‘Trojan’ rescue dogs pose major UK pet welfare risk

A total of 40% of companion animal vets responding to the BVA’s Spring 2018 Voice of the Veterinary Profession (VVP) survey have seen new or rare conditions associated with imported dogs in their practice over the past year.

The figures have prompted a warning from one of the UK’s leading parasitologists that the situation, as it is, “can’t continue”.

The potentially fatal zoonosis leishmaniasis has emerged as the most common disease, mentioned by more than a quarter of vets surveyed. Vets also report seeing cases of other exotic conditions, such as ehrlichiosis and heartworm.

A total of 9 out of 10 vets who responded to the survey reported they were “concerned” or “very concerned” about the importation of rescue dogs from abroad into the UK.

The BVA said: “Well-meaning animal lovers are inadvertently putting the health and welfare of millions of the UK’s animals and people at risk by importing ‘Trojan’ rescue dogs from abroad.”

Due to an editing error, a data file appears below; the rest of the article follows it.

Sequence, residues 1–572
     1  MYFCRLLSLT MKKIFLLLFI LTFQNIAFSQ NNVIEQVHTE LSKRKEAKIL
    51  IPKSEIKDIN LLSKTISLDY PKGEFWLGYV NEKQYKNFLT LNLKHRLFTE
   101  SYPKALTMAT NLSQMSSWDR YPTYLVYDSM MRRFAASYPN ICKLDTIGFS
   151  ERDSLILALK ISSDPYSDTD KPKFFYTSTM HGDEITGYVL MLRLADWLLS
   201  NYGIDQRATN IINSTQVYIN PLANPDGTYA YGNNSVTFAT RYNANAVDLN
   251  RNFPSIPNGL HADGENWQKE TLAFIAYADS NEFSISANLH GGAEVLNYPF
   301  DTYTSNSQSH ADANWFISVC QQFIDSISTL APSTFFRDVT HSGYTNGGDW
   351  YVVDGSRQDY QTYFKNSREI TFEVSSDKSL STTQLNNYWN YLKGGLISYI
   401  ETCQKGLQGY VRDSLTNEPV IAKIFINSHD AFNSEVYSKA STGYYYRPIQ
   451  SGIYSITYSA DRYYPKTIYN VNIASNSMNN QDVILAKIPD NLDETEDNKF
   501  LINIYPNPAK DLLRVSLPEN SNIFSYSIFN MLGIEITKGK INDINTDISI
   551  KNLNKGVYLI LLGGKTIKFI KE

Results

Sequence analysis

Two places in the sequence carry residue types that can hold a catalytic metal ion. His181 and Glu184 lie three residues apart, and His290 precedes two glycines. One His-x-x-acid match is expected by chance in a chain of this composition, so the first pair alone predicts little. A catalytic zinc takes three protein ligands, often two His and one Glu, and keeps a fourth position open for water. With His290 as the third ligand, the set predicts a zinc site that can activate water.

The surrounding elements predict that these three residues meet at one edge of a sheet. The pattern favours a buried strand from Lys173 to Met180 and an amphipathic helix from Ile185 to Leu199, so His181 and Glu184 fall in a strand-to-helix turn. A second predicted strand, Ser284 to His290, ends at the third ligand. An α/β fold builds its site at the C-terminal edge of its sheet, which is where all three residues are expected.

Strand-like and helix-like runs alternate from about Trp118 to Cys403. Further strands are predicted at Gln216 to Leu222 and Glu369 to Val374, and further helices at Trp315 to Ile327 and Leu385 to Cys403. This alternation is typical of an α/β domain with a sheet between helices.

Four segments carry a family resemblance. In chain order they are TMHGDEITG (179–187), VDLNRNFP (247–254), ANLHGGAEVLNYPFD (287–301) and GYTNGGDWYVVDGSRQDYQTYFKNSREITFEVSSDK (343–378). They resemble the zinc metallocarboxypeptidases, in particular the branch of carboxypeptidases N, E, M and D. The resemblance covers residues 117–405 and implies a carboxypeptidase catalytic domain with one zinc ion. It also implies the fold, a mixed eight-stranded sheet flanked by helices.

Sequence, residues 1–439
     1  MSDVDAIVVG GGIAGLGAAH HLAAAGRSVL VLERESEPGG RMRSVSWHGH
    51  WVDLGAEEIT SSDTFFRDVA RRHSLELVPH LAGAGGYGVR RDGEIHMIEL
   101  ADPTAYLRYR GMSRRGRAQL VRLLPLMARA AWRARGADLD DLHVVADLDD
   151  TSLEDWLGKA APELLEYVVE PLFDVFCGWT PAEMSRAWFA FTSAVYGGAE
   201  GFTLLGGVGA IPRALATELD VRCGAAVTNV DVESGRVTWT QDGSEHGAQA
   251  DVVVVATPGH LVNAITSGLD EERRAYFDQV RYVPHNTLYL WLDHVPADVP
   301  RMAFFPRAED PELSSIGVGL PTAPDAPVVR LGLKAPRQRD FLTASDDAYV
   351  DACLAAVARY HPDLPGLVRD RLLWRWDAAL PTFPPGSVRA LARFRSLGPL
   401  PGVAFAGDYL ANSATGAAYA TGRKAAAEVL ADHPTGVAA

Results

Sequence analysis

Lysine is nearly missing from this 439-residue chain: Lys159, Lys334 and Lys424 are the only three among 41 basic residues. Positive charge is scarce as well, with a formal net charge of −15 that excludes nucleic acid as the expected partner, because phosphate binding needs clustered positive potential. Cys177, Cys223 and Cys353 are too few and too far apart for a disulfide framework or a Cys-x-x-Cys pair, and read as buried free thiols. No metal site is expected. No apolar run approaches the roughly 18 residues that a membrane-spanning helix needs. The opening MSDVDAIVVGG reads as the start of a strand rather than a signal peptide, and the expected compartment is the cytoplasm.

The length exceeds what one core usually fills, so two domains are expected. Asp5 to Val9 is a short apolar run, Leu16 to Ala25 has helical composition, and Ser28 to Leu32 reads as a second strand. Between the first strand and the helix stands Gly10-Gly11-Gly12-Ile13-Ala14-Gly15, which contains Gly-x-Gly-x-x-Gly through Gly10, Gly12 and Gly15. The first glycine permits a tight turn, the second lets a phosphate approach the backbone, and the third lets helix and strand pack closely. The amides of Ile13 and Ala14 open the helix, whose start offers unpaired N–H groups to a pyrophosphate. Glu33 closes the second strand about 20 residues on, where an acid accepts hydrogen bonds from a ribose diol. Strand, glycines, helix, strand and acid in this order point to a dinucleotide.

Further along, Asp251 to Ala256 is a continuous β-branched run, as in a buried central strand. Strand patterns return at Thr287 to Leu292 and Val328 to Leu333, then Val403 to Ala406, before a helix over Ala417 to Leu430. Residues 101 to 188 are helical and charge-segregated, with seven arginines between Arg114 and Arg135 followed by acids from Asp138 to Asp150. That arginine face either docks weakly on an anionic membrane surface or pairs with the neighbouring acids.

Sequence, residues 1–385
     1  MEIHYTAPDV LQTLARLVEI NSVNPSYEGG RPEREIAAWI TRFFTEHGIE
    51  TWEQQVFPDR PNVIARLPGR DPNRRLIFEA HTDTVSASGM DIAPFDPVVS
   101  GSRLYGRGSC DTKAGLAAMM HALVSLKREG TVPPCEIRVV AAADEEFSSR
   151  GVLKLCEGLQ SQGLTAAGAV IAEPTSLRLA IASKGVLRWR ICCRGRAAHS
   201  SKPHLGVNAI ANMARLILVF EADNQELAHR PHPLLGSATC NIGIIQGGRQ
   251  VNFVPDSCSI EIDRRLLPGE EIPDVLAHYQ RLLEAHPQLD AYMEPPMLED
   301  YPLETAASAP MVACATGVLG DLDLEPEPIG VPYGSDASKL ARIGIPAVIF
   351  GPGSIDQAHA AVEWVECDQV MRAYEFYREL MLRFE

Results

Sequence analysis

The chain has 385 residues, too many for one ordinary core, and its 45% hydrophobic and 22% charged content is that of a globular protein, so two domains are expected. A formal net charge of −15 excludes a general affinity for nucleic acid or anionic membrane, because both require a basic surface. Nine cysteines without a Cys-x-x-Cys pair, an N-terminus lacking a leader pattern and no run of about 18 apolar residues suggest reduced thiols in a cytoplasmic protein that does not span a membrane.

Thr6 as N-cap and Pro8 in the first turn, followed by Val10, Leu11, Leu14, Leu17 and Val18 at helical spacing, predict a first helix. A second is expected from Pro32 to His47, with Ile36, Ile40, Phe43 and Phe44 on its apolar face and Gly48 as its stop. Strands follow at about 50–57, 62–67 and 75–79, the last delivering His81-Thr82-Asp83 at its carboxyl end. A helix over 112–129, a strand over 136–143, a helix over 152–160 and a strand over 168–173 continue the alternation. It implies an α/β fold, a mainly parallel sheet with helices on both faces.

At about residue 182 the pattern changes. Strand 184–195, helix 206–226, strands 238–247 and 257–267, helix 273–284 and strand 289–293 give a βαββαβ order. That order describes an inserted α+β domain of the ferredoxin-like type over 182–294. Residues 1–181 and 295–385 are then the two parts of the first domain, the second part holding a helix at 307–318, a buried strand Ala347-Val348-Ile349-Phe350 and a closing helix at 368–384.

‘Wider consequences’

BVA president John Fishwick said: “We are nation of animal lovers, so the desire to rescue stray, neglected or abused animals from other countries and give them loving homes in the UK is completely understandable. Unfortunately, the hidden consequence of this can be disastrous for the health and welfare of other pets, as well as humans.

“As vets, we are extremely concerned about the risks posed by rescuing dogs with unknown health histories from abroad and, while it may sound harsh, we believe the wider consequences for the UK dog population must outweigh the benefit to an individual animal being imported.

Ian Wright, head of the European Scientific Counsel Companion Animal Parasites (ESCCAP) UK and Ireland, said the BVA figures on the amount of exotic conditions being found by vets were “very reflective” of what the ESCCAP was seeing.

He said: “We field queries on parasites from pet owners and from veterinary professionals, and reports of cases of exotic parasites and pathogens from abroad coming in on imported and travelled pets and turning up on consulting room tables across the country are going up every month.

“The situation can’t continue as it is without there being parasitic epidemics and the establishment of infection in the UK.”

  • Read the full story in the 24 September issue of Veterinary Times.

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